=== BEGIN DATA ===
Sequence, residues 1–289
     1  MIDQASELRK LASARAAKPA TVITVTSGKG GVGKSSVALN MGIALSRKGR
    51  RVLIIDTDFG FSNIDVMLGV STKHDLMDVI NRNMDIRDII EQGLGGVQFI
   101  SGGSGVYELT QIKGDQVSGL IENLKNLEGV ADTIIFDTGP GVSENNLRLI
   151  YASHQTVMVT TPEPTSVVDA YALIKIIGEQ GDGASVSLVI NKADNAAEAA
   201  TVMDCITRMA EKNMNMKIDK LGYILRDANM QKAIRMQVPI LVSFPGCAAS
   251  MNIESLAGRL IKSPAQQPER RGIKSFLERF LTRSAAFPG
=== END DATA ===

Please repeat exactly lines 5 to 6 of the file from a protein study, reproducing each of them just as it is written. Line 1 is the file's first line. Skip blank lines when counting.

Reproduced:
   151  YASHQTVMVT TPEPTSVVDA YALIKIIGEQ GDGASVSLVI NKADNAAEAA
   201  TVMDCITRMA EKNMNMKIDK LGYILRDANM QKAIRMQVPI LVSFPGCAAS